Background Establishing the diagnosis of Adult onset Still's disease is very challenging. Mostly it is still a diagnosis of exclusion. Along with IL-1, IL-6 and TNFα, IL-18 is one of the cytokines which seem to play a pivotal role in the pathogenesis of AOSD. It has been described as potential biomarker to support the diagnosis of AOSD. Regarding the importance of IL-18 as a marker for disease activity published data are so far conflicting.
Objectives The aim of the study was to contribute to the understanding of the role of IL-18 as a diagnostic marker and its importance as a measure for disease activity in AOSD.
Methods 30 patients (9 male, 21 female, mean age 41.7, range 19-74) diagnosed with AOSD in our Hospital from June 2007 - May 2013, were included in the study. 18 patients met Yamaguchi criteria, 2 would have met Yamaguchi criteria but had also positive anti-nuclear antibodies. For the remaining we adopted the diagnosis from the records. 20 patients were seen repeatedly. Medical records and laboratory analytes such as CRP, ESR, WBC were collected. IL-18 serum levels were determined using an IL-18 ELISA (MBL, Japan) according to the manufacturer's instructions. Additionally to the standard serum dilution (1:5) some samples were diluted up to 1:200. In two independent control cohorts (12 healthy controls, 10 RA patients) IL-18 serum levels were analyzed. Disease activity was evaluated with Rau's criteria and CRP values. Active disease was defined as a Rau's score ≥2 and/or CrP≥2 ULN.
Results 22 out of 30 patients showed an active disease with a mean activity score of 3.5 (range 1-6) and a mean CRP value of 79.3 mg/l (range <5.0-208 mg/l), 8 patients were in remission (mean activity score 0.25 (range 0-1); mean CRP 5.7 mg/l (range <5-7.4), when seen for the first time. The mean IL-18 serum levels for all patients was 5705 pg/ml (range 100–408000 pg/ml). IL-18 levels were significantly increased in patients with active AOSD compared to patients in remission with a median of 17400 pg/ml (range 326-408000) and 373 pg/ml (range 100-1455 pg/ml), respectively. In comparison, the median IL-18 levels in the HC and RA cohort were 298 pg/ml and 312 pg/ml.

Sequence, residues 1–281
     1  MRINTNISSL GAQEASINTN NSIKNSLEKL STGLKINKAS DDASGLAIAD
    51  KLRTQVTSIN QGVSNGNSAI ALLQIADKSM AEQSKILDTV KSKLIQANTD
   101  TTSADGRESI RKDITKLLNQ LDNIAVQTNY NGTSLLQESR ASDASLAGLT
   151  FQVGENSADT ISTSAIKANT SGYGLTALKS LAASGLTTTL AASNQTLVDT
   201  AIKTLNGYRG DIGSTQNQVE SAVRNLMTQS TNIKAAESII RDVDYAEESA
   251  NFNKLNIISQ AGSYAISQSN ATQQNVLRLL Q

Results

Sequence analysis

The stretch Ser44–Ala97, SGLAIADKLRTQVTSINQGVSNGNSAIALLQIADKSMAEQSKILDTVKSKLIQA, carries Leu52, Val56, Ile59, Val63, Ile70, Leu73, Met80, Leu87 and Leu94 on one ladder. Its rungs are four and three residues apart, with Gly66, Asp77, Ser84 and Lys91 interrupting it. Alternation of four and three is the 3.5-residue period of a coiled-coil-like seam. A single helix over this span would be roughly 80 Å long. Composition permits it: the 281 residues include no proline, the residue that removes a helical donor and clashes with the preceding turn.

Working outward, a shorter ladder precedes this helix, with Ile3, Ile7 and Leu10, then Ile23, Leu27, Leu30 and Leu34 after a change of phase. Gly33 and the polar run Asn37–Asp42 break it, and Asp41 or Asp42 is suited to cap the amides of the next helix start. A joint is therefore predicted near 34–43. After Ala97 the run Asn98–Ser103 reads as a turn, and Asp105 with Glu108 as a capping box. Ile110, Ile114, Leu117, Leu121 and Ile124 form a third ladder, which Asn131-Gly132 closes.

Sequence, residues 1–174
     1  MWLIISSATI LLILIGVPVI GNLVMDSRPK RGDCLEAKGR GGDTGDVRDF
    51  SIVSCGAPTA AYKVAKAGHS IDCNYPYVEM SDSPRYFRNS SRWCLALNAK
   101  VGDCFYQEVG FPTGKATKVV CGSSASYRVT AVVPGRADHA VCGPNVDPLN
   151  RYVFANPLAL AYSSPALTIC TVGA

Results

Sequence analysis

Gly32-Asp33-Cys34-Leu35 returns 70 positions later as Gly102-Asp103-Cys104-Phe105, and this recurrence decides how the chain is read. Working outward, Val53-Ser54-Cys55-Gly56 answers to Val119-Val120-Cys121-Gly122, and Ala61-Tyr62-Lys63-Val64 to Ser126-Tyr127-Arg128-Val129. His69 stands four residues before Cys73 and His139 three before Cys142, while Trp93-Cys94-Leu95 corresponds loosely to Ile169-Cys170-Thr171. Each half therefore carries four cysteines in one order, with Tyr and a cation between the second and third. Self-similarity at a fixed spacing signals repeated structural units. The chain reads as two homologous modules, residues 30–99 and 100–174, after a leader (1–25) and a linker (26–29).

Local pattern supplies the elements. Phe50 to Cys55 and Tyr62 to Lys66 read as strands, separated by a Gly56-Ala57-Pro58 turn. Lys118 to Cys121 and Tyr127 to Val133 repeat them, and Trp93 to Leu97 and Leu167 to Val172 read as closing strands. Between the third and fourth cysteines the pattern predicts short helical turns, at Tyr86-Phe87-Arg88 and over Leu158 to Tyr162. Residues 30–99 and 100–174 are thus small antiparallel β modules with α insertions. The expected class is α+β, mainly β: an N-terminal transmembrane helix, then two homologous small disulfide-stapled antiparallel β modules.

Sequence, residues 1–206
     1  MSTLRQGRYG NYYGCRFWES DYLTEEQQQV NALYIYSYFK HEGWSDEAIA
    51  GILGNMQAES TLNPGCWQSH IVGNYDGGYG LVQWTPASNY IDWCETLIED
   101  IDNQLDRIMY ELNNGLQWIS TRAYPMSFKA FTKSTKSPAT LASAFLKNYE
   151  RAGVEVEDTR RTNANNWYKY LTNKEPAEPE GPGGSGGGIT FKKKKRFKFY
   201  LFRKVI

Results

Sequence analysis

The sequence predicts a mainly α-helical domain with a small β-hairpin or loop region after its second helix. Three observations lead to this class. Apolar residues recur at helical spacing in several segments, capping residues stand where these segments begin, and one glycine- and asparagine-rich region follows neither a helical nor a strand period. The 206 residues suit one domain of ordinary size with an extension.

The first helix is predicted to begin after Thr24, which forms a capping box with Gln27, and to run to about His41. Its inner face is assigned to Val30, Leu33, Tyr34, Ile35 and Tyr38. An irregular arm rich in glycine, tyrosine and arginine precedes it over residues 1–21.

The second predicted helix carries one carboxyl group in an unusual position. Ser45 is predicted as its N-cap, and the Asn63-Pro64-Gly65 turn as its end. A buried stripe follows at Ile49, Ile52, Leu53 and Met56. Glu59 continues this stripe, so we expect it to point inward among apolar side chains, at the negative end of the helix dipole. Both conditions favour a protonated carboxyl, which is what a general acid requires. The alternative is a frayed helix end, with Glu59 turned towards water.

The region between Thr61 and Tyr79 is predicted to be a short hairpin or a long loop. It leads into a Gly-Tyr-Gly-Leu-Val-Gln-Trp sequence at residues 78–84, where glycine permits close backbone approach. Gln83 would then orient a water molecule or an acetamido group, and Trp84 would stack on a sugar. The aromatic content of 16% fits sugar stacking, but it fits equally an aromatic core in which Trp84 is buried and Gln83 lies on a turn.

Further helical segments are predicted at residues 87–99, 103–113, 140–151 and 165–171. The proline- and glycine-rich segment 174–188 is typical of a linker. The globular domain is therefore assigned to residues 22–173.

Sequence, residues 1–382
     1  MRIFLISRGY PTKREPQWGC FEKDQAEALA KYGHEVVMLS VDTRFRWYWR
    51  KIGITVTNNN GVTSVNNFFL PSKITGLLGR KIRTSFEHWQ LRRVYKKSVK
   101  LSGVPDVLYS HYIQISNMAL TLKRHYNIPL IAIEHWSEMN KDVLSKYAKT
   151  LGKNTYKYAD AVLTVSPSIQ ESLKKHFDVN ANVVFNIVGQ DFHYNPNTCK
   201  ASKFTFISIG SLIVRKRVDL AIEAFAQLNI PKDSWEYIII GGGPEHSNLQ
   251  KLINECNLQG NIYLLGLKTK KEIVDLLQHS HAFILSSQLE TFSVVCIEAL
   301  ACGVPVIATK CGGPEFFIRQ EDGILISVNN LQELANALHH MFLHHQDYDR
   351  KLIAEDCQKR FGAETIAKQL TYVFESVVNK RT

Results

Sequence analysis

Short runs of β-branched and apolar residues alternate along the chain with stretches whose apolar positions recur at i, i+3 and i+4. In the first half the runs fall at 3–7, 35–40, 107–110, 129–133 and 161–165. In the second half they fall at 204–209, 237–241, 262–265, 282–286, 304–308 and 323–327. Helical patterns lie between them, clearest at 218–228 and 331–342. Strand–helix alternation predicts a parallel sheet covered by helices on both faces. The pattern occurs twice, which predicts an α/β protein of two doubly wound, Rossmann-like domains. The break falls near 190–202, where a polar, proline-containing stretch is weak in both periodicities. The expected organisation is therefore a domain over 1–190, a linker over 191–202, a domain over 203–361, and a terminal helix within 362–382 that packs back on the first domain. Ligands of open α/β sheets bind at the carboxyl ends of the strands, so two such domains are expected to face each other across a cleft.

In 14 patients with active disease at the first visit (Rau's score 3.6, range 0-6) the reduction of disease activity (Rau's score 0.3, range 0-2) was accompanied by a significant reduction in IL-18 serum levels from median of 19850 pg/ml (range 326 – 408000 pg/ml) to 462 pg/ml (range 20 – 7560 pg/ml) (paired sample T-test p<0.05), IL-18 levels of AOSD patients in remission remained stable.
The levels of IL-18 were positively correlated with CRP levels (Pearson correlation, r=0.591, p<0.01) as well as percentage of neutrophils (r=0.434, p<0.05) and ferritin levels (r=0.550, p<0.01).
Conclusions We could confirm earlier publications that high serum levels of IL-18 in active AOSD are detectable, with up to 1000fold higher concentrations compared to healthy controls and a patient cohort with a chronic inflammatory disease (RA). The results of our study clearly show an association of IL-18 serum levels with disease activity. Our findings emphasize the importance of IL-18 as diagnostic biomarker as well as an additional marker of disease activity.
Disclosure of Interest : None declared